Brooklyn’s Brighton Beach neighborhood last March hosted a celebration of Nowruz, the Persian New Year. Held at the National, a sprawling, glitzy entertainment palace off Brighton Beach Avenue, the celebration attracted an enthusiastic crowd of immigrants from Uzbekistan, Tajikistan and Kazakhstan. Under stage lights flashing red and green, lavishly costumed performers danced and sang to tunes from the Central Asian steppes.
Covering the event was a video crew from Uz TV and radio Uzbegim, two new media outlets targeting local Central Asian audiences. The director of both, wearing a black-and-gold-striped vest at the party, was Ilkhom Kenjabaev 42, the Uz TV director who moved to the United States 12 years ago from Uzbekistan.
The crowd represents the changing face of Brighton Beach. Once known primarily as a Russian-Jewish enclave, the neighborhood over the past two decades has taken on a more diverse mien as a new wave of Russian-speaking immigrants has chosen to call the area home. These newcomers are drawn by the gravitational pull of the common Russian language, which is itself a legacy of the Soviet education system.
“In school, we were educated in two languages,” Kenjabaev said, referring to Uzbek and Russian. “Our second language was Russian. What I like most about Brighton Beach is that everybody speaks it.”
Many of the newest arrivals, like Kenjabaev, are from the “stans,” the former Soviet republics in Central Asia. Motivated to emigrate by the lack of economic opportunity and the civil clashes that erupted in the aftermath of the Soviet Union’s collapse, they found in Brighton Beach a community that, though different from what they left behind, still offered some sense of linguistic and cultural familiarity.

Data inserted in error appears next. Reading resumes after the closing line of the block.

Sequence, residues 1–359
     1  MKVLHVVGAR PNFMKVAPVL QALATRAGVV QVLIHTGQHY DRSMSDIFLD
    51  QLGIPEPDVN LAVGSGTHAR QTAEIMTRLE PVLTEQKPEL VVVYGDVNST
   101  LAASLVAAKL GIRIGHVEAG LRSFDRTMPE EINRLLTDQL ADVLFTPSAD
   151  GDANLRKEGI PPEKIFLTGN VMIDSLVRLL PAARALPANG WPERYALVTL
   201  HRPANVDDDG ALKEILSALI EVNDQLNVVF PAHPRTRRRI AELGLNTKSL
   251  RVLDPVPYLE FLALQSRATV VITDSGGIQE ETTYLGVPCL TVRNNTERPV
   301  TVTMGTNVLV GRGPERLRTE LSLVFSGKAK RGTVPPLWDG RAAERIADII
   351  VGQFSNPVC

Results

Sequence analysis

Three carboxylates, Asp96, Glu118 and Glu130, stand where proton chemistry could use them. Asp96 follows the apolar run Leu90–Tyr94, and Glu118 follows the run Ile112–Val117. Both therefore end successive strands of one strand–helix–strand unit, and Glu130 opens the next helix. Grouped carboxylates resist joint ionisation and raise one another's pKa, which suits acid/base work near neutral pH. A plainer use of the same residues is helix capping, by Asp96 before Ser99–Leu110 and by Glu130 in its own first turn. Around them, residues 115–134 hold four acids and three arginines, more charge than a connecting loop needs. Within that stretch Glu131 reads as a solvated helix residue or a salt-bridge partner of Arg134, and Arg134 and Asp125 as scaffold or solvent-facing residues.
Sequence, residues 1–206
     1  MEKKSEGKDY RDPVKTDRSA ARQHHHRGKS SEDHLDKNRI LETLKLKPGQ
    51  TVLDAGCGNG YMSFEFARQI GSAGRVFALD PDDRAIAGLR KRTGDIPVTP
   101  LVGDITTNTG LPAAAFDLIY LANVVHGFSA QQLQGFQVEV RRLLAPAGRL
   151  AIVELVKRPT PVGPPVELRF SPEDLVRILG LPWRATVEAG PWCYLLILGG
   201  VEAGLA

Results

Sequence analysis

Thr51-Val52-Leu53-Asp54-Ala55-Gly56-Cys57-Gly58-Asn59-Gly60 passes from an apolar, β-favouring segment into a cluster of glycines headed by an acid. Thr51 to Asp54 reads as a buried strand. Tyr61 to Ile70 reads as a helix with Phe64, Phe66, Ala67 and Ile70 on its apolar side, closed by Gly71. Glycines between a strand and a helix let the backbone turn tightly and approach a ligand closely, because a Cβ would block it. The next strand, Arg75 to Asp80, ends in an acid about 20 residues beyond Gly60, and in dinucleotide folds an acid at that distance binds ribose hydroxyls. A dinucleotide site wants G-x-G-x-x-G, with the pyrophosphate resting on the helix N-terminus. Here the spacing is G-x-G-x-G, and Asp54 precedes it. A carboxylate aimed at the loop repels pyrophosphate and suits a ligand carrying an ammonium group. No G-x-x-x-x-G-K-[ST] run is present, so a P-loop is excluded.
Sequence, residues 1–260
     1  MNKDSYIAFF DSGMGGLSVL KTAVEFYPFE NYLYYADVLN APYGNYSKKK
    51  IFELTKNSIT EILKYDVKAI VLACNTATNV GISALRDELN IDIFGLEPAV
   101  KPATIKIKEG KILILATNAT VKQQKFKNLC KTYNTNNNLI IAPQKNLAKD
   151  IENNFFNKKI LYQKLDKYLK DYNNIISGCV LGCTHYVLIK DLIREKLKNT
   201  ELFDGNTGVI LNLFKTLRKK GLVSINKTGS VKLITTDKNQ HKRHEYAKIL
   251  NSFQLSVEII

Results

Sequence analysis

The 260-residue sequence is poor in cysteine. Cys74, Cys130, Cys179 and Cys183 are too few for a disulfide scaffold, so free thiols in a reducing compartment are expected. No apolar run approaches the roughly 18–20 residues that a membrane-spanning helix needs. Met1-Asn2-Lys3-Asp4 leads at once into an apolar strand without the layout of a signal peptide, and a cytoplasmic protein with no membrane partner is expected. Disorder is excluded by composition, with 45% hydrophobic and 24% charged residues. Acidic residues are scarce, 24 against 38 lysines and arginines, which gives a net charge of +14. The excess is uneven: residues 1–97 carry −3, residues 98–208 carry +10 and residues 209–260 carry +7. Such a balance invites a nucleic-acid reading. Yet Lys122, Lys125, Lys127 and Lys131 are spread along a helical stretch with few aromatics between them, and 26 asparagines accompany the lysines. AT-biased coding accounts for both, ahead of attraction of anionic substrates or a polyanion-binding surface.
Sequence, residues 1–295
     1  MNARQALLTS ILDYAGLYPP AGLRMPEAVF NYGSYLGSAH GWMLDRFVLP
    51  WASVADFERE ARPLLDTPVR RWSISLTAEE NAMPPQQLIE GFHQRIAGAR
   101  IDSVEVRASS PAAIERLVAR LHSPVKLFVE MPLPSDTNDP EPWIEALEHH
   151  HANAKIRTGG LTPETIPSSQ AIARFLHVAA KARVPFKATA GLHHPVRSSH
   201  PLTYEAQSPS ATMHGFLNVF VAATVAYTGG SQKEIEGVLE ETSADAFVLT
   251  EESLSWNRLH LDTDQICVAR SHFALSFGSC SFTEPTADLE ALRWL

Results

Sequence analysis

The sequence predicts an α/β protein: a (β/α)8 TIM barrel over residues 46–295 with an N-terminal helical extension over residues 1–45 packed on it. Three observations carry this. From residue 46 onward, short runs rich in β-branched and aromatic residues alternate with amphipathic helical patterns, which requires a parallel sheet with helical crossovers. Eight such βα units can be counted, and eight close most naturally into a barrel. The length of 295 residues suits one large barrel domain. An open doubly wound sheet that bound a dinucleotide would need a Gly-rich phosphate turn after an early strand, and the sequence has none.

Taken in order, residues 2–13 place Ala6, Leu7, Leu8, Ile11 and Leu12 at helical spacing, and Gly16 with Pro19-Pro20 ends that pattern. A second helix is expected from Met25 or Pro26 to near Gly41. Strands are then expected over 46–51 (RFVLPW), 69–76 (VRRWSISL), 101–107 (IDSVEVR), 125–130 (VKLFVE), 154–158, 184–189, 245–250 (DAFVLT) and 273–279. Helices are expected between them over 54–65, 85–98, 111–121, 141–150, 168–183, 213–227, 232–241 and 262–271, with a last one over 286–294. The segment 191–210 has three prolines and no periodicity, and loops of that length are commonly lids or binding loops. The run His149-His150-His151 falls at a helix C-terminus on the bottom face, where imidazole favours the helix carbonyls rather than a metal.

“In Soviet times, as you know, there was no separation among the peoples,” Kenjabaev said. “They were all Soviet citizens: the Ukrainians, the Belarusians, the Uzbeks, the Tajiks. Russian language was their connection. The reason they come here, to Brighton Beach, is that Russian still ties them together.”
It is their knowledge of Russian that allows these newcomers to quickly acquire a support network and to find work, even for those who speak no English. For Kenjabaev, the unifying pull of Russian is what keeps him financially afloat through his work as a wedding photographer, which is the main source of income for both himself and his fledgling TV station. Most of his clients are from the former Soviet republics. So are his suppliers, advertisers and film crew.
Yet while the Central Asians who are arriving today find a Russian-speaking community already in place, it was not always this way.